Can my employer require me to wear pants rather than a skirt?

An employee's religious beliefs conflict with her employer's uniform requirement.

By , J.D. · UC Berkeley School of Law


My religious beliefs require women to dress modestly, and to wear skirts or dresses rather than pants. I work for a sporting goods store, and the owner recently decided that all employees would have to wear a uniform of black pants and a black and white striped referee's shirt. Can they force me to wear pants, even if it conflicts with my religion?


In this situation, the law is on your side. Title VII, the federal law that prohibits employment discrimination, requires employers not only to avoid discriminating based on religion, but also to reasonably accommodate the sincerely held religious beliefs of their employees.

If complying with your employer's uniform policy would conflict with your religious beliefs, you should ask for an accommodation. The burden of requesting an exception to the rules is on you. Your employer may not know about your beliefs or what they require. Although certain types of garb (such as a crucifix, yarmulke, or hijab) are widely known to have religious connotations, your employer may not realize that wearing a skirt or dress rather than pants is anything more than your personal style preference. So, you should meet with the owner or your manager and explain why you need an exception to the uniform requirement.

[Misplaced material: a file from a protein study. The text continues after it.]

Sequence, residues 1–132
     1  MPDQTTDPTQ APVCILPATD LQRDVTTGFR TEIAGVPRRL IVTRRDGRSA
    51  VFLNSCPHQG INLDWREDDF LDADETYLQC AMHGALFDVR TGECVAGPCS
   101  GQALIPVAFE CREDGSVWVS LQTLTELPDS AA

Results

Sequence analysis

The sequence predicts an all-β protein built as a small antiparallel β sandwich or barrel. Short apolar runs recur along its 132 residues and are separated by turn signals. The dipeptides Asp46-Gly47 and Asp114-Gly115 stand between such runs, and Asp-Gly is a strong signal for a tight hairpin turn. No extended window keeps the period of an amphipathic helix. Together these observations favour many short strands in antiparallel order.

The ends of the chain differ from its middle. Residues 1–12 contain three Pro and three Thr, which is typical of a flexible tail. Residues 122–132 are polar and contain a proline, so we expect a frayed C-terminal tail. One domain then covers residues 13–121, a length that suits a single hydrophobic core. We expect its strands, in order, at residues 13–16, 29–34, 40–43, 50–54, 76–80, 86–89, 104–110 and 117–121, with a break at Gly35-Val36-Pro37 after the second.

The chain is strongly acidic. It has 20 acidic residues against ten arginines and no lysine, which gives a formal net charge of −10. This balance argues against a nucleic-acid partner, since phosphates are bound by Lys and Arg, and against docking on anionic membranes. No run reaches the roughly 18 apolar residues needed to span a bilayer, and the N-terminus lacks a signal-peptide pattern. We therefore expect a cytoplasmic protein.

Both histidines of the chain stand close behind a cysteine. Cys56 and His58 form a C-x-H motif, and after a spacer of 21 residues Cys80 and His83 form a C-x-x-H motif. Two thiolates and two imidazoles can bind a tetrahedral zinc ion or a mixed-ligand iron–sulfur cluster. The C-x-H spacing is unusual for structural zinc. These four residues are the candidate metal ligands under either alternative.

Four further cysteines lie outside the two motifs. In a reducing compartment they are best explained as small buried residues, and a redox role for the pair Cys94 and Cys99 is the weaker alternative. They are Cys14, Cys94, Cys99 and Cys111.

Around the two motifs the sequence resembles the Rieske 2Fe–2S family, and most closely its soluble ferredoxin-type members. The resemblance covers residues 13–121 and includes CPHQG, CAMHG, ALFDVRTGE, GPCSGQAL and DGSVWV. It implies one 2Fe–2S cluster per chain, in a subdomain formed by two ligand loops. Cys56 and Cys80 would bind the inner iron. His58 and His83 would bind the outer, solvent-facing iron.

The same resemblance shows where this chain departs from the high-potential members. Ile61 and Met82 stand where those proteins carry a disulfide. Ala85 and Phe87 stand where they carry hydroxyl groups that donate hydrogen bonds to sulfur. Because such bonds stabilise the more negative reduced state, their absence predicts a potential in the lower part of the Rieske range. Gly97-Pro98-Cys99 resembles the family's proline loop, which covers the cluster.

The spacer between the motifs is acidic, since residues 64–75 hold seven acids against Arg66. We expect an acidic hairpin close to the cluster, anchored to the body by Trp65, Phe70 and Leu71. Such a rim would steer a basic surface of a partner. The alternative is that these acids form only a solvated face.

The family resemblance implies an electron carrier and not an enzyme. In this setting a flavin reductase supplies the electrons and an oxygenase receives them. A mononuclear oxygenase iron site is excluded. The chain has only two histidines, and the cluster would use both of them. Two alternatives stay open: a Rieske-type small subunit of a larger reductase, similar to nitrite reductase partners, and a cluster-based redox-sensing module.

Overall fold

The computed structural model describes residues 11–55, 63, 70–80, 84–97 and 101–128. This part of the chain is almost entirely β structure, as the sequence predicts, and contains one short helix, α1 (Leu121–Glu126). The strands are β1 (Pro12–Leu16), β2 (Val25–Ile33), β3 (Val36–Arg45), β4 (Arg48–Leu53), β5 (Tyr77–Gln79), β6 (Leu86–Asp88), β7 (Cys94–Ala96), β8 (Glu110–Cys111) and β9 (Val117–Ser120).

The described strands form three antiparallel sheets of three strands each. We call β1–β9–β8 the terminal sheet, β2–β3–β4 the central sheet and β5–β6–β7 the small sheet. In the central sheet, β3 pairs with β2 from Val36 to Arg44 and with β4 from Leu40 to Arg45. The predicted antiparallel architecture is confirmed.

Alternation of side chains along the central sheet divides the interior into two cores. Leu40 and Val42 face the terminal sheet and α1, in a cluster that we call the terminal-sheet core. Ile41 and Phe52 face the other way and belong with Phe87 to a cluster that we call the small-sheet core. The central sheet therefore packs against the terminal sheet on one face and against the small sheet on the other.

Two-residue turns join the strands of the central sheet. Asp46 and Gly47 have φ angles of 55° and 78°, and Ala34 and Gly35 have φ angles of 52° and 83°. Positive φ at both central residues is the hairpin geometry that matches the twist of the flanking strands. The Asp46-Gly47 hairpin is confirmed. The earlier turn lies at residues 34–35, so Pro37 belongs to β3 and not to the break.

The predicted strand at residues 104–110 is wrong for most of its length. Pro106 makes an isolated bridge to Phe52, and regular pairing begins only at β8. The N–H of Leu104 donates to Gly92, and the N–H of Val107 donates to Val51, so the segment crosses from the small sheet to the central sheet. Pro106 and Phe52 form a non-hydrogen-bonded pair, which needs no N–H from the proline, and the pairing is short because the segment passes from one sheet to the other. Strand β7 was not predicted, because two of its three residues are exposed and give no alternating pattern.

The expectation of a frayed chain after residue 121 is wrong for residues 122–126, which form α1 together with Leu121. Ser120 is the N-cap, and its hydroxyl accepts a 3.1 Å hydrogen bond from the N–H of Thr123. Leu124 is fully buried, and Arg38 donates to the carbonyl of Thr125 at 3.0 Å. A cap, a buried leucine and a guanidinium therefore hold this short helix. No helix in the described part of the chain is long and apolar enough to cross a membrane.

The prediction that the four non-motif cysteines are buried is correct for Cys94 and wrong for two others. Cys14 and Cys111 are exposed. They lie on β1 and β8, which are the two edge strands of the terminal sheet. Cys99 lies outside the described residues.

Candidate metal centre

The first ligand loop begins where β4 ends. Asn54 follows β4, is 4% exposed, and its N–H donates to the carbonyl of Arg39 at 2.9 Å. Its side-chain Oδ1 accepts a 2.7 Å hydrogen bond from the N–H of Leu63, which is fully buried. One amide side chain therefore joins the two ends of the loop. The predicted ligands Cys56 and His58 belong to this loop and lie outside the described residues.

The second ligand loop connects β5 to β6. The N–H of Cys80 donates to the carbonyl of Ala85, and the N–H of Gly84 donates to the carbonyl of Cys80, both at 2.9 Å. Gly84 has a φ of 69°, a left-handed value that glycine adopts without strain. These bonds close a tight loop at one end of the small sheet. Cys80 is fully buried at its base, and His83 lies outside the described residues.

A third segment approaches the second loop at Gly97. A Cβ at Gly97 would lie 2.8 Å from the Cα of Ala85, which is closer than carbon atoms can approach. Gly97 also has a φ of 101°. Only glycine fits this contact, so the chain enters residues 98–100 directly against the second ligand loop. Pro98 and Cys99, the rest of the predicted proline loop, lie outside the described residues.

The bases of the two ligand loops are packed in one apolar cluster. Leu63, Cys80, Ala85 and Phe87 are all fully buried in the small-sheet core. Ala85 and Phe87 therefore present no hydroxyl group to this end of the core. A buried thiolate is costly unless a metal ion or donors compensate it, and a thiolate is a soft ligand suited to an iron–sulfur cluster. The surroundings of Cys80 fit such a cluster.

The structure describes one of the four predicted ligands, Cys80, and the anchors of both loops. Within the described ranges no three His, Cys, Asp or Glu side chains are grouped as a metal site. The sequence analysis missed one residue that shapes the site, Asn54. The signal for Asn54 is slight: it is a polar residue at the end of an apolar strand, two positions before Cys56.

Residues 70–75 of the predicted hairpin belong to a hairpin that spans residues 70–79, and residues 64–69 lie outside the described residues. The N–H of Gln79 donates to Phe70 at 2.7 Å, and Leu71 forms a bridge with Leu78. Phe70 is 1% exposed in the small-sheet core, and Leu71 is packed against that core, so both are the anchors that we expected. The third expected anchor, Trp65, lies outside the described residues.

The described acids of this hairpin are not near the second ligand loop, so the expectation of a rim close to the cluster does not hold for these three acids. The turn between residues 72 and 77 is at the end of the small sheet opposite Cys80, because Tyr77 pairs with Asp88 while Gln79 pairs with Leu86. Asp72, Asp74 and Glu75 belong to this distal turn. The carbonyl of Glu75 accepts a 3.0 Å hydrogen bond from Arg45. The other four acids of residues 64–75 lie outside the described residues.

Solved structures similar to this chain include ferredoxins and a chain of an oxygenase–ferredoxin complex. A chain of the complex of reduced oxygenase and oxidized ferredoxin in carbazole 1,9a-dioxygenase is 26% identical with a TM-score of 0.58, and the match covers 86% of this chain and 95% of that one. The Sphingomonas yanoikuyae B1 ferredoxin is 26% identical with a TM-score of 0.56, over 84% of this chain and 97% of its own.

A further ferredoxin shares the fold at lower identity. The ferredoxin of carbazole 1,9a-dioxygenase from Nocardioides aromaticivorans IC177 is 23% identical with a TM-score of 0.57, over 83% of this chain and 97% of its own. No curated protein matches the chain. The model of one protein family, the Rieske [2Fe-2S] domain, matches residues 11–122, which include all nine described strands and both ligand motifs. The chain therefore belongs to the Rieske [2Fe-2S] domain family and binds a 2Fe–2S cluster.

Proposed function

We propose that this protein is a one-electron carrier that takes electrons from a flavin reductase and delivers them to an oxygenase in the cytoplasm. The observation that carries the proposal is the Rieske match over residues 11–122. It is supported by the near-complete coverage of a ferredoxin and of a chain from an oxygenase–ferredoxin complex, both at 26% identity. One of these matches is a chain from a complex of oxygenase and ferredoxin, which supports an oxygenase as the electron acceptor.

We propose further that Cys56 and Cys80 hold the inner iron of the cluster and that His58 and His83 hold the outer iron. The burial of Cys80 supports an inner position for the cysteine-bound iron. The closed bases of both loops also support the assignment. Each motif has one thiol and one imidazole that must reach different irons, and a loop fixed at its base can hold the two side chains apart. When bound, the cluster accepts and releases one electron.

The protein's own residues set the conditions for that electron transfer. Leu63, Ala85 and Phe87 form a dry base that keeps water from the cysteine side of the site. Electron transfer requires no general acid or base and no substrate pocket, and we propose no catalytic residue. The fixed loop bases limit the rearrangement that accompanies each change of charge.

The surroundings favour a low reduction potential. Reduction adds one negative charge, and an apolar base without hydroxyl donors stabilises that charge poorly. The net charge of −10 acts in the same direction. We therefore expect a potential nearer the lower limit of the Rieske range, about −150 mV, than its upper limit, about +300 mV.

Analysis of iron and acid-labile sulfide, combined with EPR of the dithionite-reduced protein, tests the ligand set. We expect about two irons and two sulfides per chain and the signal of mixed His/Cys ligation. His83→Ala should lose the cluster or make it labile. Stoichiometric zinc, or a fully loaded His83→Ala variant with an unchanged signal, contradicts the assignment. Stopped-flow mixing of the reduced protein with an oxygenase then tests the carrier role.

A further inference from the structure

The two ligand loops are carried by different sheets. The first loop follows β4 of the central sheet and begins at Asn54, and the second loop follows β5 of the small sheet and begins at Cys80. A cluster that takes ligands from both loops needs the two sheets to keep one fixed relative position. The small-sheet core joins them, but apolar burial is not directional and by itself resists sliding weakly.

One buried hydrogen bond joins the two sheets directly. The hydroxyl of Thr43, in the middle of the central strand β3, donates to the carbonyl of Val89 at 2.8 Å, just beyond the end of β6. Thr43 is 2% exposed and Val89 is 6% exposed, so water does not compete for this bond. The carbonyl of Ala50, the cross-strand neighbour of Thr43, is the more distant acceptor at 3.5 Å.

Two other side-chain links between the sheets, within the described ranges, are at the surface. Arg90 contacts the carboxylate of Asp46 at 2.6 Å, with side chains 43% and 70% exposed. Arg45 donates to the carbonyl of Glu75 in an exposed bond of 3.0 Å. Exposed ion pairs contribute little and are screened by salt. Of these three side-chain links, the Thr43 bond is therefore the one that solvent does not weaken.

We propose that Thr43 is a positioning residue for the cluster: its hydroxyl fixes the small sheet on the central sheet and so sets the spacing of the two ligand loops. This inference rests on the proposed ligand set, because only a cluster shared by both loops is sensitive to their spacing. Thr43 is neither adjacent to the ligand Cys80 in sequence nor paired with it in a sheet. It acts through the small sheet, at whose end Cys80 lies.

Your employer must grant the request unless doing so would pose an undue hardship. It doesn't sound like there would be any hardship for your employer. Presumably, you have been doing your job just fine in clothing of your choice. While the employer's goals of allowing customers to easily identify employees and creating a sports-themed company brand are sound, those goals can still be met if you wear a long white skirt rather than pants with your referee's shirt.

Sometimes, an employer has important safety reasons for imposing uniform or grooming requirements. In these cases, it might be impossible to accommodate an employee who, for example, won't cover a long beard in a laboratory clean room or has flowing religious garments that could easily get caught in machinery. But it doesn't sound like your employer has safety concerns. Although it has legitimate business reasons for imposing its uniform policy, requiring you to comply would constitute religious discrimination.

For more information, see the Equal Employment Opportunity Commission's Religious Garb and Grooming in the Workplace: Rights and Responsibilities. You can also find more information and articles at our Religious Discrimination page.

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